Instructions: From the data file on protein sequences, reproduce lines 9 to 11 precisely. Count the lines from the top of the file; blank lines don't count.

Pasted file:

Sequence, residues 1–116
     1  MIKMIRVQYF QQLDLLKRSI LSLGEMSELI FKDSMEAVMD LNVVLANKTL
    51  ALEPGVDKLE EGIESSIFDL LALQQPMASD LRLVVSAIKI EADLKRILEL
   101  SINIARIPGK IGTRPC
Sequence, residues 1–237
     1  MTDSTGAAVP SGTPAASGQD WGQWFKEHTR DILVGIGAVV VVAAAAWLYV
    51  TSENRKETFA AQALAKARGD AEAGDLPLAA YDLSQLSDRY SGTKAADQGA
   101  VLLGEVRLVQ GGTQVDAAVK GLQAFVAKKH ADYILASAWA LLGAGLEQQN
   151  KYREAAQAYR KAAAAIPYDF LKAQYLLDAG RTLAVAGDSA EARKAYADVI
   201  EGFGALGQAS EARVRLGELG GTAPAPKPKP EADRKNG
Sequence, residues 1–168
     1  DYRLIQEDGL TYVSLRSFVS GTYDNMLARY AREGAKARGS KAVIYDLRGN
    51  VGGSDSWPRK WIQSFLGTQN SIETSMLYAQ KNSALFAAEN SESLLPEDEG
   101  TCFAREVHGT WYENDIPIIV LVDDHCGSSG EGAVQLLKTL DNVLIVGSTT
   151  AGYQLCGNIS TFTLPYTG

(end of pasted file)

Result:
   151  KYREAAQAYR KAAAAIPYDF LKAQYLLDAG RTLAVAGDSA EARKAYADVI
   201  EGFGALGQAS EARVRLGELG GTAPAPKPKP EADRKNG
Sequence, residues 1–168